if(3perl)              Perl Programmers Reference Guide              if(3perl)

       if - "use" a Perl module if a condition holds

           use if CONDITION, "MODULE", ARGUMENTS;
           no  if CONDITION, "MODULE", ARGUMENTS;

   "use if"
       The "if" module is used to conditionally load another module.  The

           use if CONDITION, "MODULE", ARGUMENTS;

       ... will load "MODULE" only if "CONDITION" evaluates to true; it has no
       effect if "CONDITION" evaluates to false.  (The module name, assuming
       it contains at least one "::", must be quoted when 'use strict "subs";'
       is in effect.)  If the CONDITION does evaluate to true, then the above
       line has the same effect as:

           use MODULE ARGUMENTS;

       For example, the Unicode::UCD module's charinfo function will use two
       functions from Unicode::Normalize only if a certain condition is met:

           use if defined &DynaLoader::boot_DynaLoader,
               "Unicode::Normalize" => qw(getCombinClass NFD);

       Suppose you wanted "ARGUMENTS" to be an empty list, i.e., to have the
       effect of:

           use MODULE ();

       You can't do this with the "if" pragma; however, you can achieve
       exactly this effect, at compile time, with:

           BEGIN { require MODULE if CONDITION }

   "no if"
       The "no if" construct is mainly used to deactivate categories of
       warnings when those categories would produce superfluous output under
       specified versions of perl.

       For example, the "redundant" category of warnings was introduced in
       Perl-5.22.  This warning flags certain instances of superfluous
       arguments to "printf" and "sprintf".  But if your code was running
       warnings-free on earlier versions of perl and you don't care about
       "redundant" warnings in more recent versions, you can call:

           use warnings;
           no if $] >= 5.022, q|warnings|, qw(redundant);

           my $test    = { fmt  => "%s", args => [ qw( x y ) ] };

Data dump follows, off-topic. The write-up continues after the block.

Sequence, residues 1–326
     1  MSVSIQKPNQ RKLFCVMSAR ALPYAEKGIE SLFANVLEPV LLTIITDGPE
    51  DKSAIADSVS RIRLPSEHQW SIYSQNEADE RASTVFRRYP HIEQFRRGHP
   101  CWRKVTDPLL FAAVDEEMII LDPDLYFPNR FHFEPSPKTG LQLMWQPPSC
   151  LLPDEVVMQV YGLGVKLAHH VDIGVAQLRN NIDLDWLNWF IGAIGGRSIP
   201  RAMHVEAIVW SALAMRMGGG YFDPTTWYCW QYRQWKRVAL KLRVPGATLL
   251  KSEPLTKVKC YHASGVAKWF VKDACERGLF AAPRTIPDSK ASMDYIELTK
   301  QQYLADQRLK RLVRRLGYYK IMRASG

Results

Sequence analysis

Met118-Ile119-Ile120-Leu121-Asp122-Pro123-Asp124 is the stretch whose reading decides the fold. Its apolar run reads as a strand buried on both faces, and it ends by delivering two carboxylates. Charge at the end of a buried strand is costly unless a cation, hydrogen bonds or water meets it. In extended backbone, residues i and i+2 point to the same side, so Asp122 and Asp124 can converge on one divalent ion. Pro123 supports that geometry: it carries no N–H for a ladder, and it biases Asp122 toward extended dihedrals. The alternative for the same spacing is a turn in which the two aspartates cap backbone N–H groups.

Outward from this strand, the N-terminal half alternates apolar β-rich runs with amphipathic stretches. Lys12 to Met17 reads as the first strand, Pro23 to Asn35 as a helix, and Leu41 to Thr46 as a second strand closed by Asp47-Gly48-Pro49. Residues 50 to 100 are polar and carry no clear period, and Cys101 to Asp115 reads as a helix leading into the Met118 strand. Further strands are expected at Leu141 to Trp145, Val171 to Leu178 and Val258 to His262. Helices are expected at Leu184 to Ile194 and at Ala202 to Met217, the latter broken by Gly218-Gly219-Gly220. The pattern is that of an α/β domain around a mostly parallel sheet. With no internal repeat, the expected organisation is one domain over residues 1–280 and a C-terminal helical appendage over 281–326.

my $result  = sprintf $test->{fmt}, @{$test->{args}};

       The "no if" construct assumes that a module or pragma has correctly
       implemented an "unimport()" method -- but most modules and pragmata
       have not.  That explains why the "no if" construct is of limited

       The current implementation does not allow specification of the required
       version of the module.

       Module::Requires can be used to conditionally load one or modules, with
       constraints based on the version of the module.  Unlike "if" though,
       Module::Requires is not a core module.

       Module::Load::Conditional provides a number of functions you can use to
       query what modules are available, and then load one or more of them at

       The provide module from CPAN can be used to select one of several
       possible modules to load based on the version of Perl that is running.

       Ilya Zakharevich <mailto:ilyaz@cpan.org>.

       This software is copyright (c) 2002 by Ilya Zakharevich.

       This is free software; you can redistribute it and/or modify it under
       the same terms as the Perl 5 programming language system itself.

perl v5.30.0                      2023-11-23                         if(3perl)
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